Valentino (1977)

Valentino (1977), directed by Ken Russell.

I am compelled to see every Ken Russell film, but he is a director I can't recommend to anyone who is not already watching Ken Russell films. I make an exception for Altered States (1980), talking it up to anyone who retains a sense of wonder.

He is more restrained in some pictures than in others, but when you let him go he is unmatched in the spectacularly excessive, the self-indulgently vulgar. He admits it: that's what Art is, he says.

This one is not as wild as Lisztomania (1975), but -- as in all his "lives of the artists" films -- no one should mistake it for a documentary. Historical accuracy is not important to him; his biopics are more like novels.

I also note that his source is a biography by Brad Steiger, prolific generator of books on UFOs and psychic topics.

Much interesting material embedded in a lot of "who cares? why is this in the film?" The commentary track defends the structure, pointing out that Valentino's life is told by the people in it (mostly women) and that he was a different man to each of them. Russell claimed that each scene was purposefully done in a different style. The commentator raves about the set design and massive costuming effort.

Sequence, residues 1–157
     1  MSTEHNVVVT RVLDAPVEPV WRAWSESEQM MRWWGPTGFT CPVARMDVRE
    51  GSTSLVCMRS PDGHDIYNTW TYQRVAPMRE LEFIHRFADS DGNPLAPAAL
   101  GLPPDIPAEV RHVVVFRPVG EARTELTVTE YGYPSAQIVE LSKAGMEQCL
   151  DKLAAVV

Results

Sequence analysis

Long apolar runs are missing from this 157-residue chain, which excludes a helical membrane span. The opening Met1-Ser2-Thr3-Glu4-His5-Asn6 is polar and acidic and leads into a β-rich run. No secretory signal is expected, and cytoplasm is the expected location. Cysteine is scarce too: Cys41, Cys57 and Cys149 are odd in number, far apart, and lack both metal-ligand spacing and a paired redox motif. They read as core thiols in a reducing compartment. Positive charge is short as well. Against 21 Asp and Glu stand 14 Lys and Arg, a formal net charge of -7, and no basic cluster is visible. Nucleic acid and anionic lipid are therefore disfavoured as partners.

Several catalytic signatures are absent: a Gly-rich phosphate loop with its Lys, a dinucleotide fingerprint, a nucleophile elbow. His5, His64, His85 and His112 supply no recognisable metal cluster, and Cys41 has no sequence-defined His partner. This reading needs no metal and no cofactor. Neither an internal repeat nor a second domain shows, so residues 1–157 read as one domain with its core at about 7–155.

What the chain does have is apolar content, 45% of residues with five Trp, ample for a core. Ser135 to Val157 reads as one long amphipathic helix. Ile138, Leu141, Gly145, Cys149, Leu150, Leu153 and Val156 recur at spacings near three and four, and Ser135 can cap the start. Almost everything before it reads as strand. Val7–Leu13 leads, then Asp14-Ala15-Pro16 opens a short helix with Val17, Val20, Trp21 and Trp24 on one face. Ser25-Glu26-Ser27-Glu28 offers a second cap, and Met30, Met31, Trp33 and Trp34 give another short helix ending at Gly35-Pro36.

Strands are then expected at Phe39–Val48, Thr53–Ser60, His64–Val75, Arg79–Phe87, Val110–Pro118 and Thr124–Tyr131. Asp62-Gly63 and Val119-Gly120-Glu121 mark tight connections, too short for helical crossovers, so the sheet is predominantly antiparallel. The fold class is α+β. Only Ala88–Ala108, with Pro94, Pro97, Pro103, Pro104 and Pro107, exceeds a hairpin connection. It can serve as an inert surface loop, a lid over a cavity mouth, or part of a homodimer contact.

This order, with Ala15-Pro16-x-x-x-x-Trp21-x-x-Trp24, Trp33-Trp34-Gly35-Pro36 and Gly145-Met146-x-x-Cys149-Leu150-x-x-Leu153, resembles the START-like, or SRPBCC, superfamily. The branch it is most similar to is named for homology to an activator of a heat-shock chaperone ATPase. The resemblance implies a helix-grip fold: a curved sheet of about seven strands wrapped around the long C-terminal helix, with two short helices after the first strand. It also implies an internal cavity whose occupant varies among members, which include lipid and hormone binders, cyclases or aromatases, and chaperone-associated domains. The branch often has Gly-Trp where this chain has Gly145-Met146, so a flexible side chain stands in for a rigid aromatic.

As is often the case with Russell films, I missed subtitles. Many accents, both real and put-on, are hard to follow. Rudolf Nureyev is a Russian speaking English with an Italian accent.

He's rather good in the role. Not a professional actor but he had been performing all his life and the tango dancing was no obstacle. He could put on that erotic fierceness the role requires.

Also with ex-singer Michelle Phillips, last seen in Dillinger (1973). She contributes actual nudity, as shown in the sexy poster:

They enact a film fantasy of a different sort. Those passion scenes of yesteryear: what if we could see the people strip off and actually go at it, which is what viewers were imagining anyway?

Penelope Milford, last seen in Coming Home (1978), contributes comical sexiness as the female lead in The Sheik (1921). She and Valentino retire to the tent for some "rehearsal" and she is awfully vigorous, slapping his face with her boobs (loud SMACK sound effect).

Nureyev didn't want to do that scene, finding it vulgar, but came around. As to disputes and yelling on the set: "Sure, that happens. We do much worse in the ballet".

Kino Blu-ray. No subtitles, but a valuable commentary track by an enthusiastic fan.

He says Valentino was so popular with women because they knew he was "safe". It was shared role playing. No matter how erotically intense he could be, everyone knew there was no harm in him.

He died at age 31 and has 39 acting credits in the IMDB.